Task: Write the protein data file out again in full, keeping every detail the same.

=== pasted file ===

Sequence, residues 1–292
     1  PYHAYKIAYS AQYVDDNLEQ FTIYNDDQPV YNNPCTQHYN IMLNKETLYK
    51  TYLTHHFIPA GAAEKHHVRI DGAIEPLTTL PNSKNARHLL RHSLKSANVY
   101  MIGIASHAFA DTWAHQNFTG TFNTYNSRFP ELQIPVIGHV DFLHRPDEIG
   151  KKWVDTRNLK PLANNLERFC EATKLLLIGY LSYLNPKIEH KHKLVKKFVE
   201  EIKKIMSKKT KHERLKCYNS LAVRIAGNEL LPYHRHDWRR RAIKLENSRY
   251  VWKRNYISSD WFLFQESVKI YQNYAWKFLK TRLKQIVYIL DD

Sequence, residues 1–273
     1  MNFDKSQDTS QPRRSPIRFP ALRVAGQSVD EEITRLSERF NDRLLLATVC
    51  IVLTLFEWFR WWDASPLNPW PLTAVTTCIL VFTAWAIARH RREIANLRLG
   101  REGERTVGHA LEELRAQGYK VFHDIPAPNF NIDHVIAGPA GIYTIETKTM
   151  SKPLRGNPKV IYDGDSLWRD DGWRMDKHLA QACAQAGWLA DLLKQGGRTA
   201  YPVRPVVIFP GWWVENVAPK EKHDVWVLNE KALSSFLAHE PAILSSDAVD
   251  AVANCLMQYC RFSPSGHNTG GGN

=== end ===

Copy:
Sequence, residues 1–292
     1  PYHAYKIAYS AQYVDDNLEQ FTIYNDDQPV YNNPCTQHYN IMLNKETLYK
    51  TYLTHHFIPA GAAEKHHVRI DGAIEPLTTL PNSKNARHLL RHSLKSANVY
   101  MIGIASHAFA DTWAHQNFTG TFNTYNSRFP ELQIPVIGHV DFLHRPDEIG
   151  KKWVDTRNLK PLANNLERFC EATKLLLIGY LSYLNPKIEH KHKLVKKFVE
   201  EIKKIMSKKT KHERLKCYNS LAVRIAGNEL LPYHRHDWRR RAIKLENSRY
   251  VWKRNYISSD WFLFQESVKI YQNYAWKFLK TRLKQIVYIL DD

Sequence, residues 1–273
     1  MNFDKSQDTS QPRRSPIRFP ALRVAGQSVD EEITRLSERF NDRLLLATVC
    51  IVLTLFEWFR WWDASPLNPW PLTAVTTCIL VFTAWAIARH RREIANLRLG
   101  REGERTVGHA LEELRAQGYK VFHDIPAPNF NIDHVIAGPA GIYTIETKTM
   151  SKPLRGNPKV IYDGDSLWRD DGWRMDKHLA QACAQAGWLA DLLKQGGRTA
   201  YPVRPVVIFP GWWVENVAPK EKHDVWVLNE KALSSFLAHE PAILSSDAVD
   251  AVANCLMQYC RFSPSGHNTG GGN